We designed our sample strategy to directly compare results with the previously developed Fortymile River terrace chronology (Bender et al., 2020). Along the Charley River we sampled three sites on T1 (Figs. A1–A3) to test whether the terrace age decreases upstream, and sampled one T2 site (Fig. A4) to determine if the terrace dates to the 0.7–1.2 Ma Middle Pleistocene climate transition. At each of the four field sites we collected quartz-rich terrace alluvium samples comprising individual cobbles and one several-kilogram sample each of amalgamated pebbles and matrix sand in hand-dug pits from horizons up to 50 cm thick at depths of 5–7 m below terrace treads. Individual samples ideally yield ∼25 g of pure quartz for laboratory processing (Corbett et al., 2016); cobble sizes and sand/pebble sample volumes were selected by modal estimation of quartz content to meet or exceed this target mass.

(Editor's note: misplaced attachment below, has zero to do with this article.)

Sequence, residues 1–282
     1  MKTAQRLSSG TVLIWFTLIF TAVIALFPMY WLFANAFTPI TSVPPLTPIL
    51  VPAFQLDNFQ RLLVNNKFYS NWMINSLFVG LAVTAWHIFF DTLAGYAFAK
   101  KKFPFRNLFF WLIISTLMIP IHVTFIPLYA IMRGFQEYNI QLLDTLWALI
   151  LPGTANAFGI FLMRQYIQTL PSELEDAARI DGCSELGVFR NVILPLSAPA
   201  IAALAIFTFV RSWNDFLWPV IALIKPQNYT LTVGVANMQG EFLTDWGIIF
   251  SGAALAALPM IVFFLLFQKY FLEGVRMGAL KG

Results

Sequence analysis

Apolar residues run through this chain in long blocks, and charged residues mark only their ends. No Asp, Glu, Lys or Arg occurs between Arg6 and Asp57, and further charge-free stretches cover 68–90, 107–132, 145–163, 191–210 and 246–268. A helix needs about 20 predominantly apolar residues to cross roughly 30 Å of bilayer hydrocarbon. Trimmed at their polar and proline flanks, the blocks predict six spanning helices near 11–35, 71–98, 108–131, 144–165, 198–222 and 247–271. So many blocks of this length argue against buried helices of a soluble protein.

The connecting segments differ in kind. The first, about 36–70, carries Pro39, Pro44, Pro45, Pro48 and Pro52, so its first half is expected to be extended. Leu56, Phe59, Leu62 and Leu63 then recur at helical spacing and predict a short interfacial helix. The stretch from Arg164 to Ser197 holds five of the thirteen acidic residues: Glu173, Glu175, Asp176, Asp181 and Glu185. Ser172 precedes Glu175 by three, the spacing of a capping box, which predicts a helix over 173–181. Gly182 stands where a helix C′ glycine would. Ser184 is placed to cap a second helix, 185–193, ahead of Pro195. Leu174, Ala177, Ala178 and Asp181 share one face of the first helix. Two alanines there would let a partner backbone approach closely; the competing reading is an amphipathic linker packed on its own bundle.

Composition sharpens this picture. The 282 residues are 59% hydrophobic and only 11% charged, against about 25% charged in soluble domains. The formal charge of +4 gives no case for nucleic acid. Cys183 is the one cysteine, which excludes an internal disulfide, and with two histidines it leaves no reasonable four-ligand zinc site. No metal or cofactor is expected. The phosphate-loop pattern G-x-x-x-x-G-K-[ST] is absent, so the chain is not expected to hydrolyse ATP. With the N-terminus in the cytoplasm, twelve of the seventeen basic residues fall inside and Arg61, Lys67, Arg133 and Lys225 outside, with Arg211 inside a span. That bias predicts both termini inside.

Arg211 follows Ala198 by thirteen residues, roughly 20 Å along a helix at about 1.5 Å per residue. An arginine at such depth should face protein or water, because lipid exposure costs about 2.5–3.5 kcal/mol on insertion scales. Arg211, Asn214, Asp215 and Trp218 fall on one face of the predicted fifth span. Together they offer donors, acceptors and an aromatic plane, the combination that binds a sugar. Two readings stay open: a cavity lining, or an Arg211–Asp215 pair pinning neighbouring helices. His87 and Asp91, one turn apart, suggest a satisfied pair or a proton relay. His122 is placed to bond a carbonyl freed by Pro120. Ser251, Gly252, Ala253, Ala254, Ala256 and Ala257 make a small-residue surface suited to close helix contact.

We prepared five samples from each site at the University of Vermont (Corbett et al., 2016); one sample failed to yield sufficient quartz, however, leaving a total of 19 samples. Sample preparation involved crushing and/or sieving each sample to the medium sand size, isolating pure quartz via progressive acid etching and iterative purity testing by laser ablation-inductively coupled plasma mass spectrometry, and extracting 26Al and 10Be via column chromatography (full methods available online at, last access: 24 October 2022). We measured 26Al/27Al and 10Be/9Be ratios from each of the 19 samples at the Purdue rare isotope measurement laboratory (Nishiizumi, 2004; Nishiizumi et al., 2007), corrected each measurement for backgrounds by subtracting blank measurements, and propagated the standard deviation of the blank measurements into sample uncertainties (Bender, 2022). The burial isochron is a linear model fit to measured sample nuclide concentrations and analytical uncertainties, with 10Be and 26Al on the x and y axes, respectively (Balco and Rovey, 2008; Zhao et al., 2016). Samples with a common pre-burial history contain 10Be and 26Al concentrations that record post-burial decay from the surface production 26Al/10Be ratio; a line thusly fit to these concentrations can be used to both (a) quantify the duration of post-burial decay (i.e., the burial age) and (b) identify and omit outlier samples with dissimilar pre-burial history. We use the isochron approach of Zhao et al. (2016) that applies a linearization factor to correct post-burial production among the 10Be concentrations; the y intercept reflects post-burial isotope production, but the linearization of 10Be preserves the slope associated with decay of the inherited pre-burial concentrations. All 19 of the isotope concentration pairs plotted within 2σ of the regression lines; hence none were omitted from the final linear fits (Fig. 2b–e).